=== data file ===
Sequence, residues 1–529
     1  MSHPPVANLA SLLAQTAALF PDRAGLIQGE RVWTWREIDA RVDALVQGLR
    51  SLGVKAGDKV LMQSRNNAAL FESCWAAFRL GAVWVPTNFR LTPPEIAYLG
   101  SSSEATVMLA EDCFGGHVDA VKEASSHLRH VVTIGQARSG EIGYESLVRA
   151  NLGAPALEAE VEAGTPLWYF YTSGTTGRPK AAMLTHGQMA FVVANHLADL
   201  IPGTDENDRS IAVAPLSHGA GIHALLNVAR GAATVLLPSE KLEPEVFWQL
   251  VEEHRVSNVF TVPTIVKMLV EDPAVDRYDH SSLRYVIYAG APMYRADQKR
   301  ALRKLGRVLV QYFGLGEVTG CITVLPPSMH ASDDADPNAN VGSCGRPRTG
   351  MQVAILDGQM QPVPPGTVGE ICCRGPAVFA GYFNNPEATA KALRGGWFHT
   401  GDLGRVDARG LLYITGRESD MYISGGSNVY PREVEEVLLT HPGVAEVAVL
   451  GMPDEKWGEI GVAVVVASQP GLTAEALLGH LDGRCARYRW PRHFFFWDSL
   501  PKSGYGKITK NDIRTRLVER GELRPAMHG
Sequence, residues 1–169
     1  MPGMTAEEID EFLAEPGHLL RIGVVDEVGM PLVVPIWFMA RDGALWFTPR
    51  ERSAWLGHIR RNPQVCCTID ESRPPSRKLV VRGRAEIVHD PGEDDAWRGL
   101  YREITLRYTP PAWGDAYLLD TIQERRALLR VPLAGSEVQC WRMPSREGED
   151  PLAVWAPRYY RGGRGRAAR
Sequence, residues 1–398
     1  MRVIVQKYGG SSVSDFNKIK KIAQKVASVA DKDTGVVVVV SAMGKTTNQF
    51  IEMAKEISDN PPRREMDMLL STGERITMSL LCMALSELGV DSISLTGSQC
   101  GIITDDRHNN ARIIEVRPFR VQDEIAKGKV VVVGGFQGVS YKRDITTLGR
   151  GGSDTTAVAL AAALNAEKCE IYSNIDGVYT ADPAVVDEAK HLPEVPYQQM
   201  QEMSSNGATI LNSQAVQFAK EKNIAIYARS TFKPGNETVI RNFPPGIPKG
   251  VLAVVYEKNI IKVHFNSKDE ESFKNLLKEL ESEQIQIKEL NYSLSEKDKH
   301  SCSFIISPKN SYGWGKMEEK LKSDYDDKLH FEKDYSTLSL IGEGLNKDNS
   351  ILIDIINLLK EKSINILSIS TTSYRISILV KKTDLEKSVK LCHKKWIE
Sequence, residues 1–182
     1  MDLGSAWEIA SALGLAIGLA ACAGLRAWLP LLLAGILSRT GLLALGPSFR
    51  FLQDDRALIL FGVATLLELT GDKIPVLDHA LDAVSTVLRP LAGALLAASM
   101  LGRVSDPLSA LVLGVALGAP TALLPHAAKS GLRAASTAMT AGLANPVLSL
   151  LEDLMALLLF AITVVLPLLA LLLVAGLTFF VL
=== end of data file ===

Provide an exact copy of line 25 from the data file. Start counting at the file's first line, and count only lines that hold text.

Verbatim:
   301  SCSFIISPKN SYGWGKMEEK LKSDYDDKLH FEKDYSTLSL IGEGLNKDNS